After my A-levels, I did a BSc Hons degree in Social Welfare, followed by my Master’s in Business Administration, which I did part-time.
I worked part-time in retail during this period, and then went to full-time after I had graduated as I was unsure of what career path I wanted to take. Working in construction was suggested to me as a possible career path as it’s a constantly changing industry and no two days are ever the same.
I started with Willmott Dixon as a Management Trainee in their pre-construction department, and while I was on that trainee scheme I did a Postgraduate Diploma in Construction as my degree is not a construction-related one. I was lucky enough to spend some time in each of the departments during my training, along with two years on-site and with the health and safety department. I was able to develop my skills and knowledge, prior to returning to the pre-construction department in the role I am currently in.
In construction jobs, no two days are ever the same, and no two projects are ever the same, so variety in your work is guaranteed.
Tell us a bit more about the company you work for and the role you do.
I work for a company called Willmott Dixon, who are a principal contractor that operate in all sectors including education, higher education and further education, law and order, leisure, and commercial.
My role working in construction is that of a Framework Coordinator, and what I do essentially is work with the Framework Manager to ensure that the Scape Framework runs smoothly on a day-to-day basis. I’ll visit site teams to offer them support and guidance on the administration of the framework on-site, as well as meeting other social and environmental targets that are a contractual part of the framework agreement. My other responsibilities include checking and approving KPIs (Key Performance Indicators) when they are submitted, preparing board reports of the company directors on the performance of framework projects, inductions and training for site staff on the Scape Framework and our reporting portal MiProject, along with general administration duties for the framework locally and centrally. In a wider pre-construction role, I also help to complete tender and PQQ questions as part of the bids for work.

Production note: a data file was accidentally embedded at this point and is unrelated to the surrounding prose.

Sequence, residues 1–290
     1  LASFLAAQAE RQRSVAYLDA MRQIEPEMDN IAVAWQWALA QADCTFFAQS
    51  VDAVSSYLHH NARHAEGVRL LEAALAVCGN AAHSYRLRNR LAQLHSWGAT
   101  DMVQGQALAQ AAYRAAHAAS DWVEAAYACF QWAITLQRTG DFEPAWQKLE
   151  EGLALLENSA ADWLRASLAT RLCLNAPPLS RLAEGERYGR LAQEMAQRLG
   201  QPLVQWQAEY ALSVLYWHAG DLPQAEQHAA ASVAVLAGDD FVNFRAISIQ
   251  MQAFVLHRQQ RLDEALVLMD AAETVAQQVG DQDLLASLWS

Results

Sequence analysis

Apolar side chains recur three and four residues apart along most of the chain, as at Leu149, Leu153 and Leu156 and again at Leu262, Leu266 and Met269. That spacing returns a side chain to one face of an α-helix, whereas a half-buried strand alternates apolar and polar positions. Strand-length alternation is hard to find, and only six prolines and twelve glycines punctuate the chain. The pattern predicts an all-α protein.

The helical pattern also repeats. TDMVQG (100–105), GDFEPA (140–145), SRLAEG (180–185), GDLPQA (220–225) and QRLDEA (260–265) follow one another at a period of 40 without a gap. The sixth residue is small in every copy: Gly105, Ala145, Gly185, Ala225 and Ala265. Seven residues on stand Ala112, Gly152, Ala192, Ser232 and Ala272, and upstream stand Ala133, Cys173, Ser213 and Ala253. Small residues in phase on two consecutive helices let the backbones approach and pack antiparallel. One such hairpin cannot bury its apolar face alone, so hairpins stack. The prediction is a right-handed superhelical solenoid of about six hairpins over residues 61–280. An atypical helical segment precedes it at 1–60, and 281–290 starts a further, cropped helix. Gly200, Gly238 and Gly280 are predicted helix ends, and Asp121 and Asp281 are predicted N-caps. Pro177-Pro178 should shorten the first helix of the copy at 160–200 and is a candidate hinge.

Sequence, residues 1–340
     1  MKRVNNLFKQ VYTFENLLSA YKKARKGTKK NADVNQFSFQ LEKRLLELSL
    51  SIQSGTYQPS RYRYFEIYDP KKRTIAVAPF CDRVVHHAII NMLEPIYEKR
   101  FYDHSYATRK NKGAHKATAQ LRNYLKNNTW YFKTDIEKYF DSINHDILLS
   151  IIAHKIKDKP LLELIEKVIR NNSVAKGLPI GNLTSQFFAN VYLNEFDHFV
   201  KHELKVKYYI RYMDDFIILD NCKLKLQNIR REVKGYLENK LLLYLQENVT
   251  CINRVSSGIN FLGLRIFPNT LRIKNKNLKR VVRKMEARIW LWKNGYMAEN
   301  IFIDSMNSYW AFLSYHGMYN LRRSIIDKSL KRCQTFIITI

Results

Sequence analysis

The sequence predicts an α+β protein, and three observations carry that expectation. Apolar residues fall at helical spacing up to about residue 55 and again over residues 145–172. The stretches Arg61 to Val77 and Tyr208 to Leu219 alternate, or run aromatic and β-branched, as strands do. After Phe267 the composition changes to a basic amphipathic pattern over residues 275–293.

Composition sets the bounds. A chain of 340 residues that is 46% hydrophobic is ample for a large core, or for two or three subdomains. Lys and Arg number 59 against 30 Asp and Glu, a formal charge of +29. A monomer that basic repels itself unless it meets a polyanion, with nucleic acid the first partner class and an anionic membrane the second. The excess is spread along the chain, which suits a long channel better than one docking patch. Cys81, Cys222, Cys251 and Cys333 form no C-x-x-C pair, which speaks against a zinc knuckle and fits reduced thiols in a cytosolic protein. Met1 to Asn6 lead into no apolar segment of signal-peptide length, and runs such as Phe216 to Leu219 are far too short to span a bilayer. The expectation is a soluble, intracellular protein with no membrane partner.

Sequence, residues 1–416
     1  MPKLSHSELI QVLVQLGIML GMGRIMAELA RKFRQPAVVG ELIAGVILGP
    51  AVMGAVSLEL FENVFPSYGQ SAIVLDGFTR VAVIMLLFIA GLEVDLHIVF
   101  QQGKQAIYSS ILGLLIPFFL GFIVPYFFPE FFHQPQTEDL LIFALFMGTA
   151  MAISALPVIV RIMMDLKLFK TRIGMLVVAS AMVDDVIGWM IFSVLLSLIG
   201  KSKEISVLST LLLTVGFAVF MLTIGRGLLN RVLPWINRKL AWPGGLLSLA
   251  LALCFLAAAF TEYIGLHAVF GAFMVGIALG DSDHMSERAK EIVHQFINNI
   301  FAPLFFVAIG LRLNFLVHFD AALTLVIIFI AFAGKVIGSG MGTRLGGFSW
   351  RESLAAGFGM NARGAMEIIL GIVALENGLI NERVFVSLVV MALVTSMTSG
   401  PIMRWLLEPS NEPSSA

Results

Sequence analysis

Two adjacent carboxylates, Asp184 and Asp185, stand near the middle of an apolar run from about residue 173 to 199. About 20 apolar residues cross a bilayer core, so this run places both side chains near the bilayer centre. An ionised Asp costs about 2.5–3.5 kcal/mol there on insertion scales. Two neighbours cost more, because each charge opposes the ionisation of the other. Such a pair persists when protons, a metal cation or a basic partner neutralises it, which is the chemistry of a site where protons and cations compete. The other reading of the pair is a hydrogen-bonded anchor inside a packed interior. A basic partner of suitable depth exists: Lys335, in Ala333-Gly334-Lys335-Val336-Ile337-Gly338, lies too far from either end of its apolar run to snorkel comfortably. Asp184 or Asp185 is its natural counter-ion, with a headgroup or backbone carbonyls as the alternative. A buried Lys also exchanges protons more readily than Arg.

As long as you’re willing to work hard and learn as you go, then working in construction can be a very rewarding career path.
What do you love about your job?
In my role as a Framework Coordinator, I’m able to split my time between sites and the office, which enables me to be a part of the pre-construction phase, construction phase and also part of the aftercare stage once the project has been handed over. I enjoy that I can be at any site or office on any given day, which makes the job exciting and no two days working in construction are ever the same.
There’s a real sense of job satisfaction when I complete a task to a tight deadline. Each month, our site reports on KPIs which I then approve and send on to our central team in Nottingham. Ensuring that all these are submitted, approved and passed on with no rejections from the central team is a great achievement when it happens. I also love that I get to be out on-site a lot and that I get the opportunity to see a lot of the people who work for our region.
Where do you see your career progressing?
With the role that I’m currently doing, there are a variety of career paths that I could take within the pre-construction department. I would like to develop my skills and career in bid writing and I hope to move into bid management in the future.
What advice would you give to someone thinking about a career in construction?
If you’re looking for a job that will give you challenges and that is always changing, then I would highly recommend working in construction. In construction jobs, no two days are ever the same, and no two projects are ever the same, so variety in your work is guaranteed.
I would also say that it’s important to remember that construction is not only the building that you see out on-site. There are a number of construction careers that are based in the office, including finding new work, bidding and winning new work, through to managing the supply chain. There are also various construction jobs on-site, including building managers and quantity surveyors. You don’t have to have a background in construction if you want to join it – as long as you’re willing to work hard and learn as you go, then construction can be a very rewarding career path.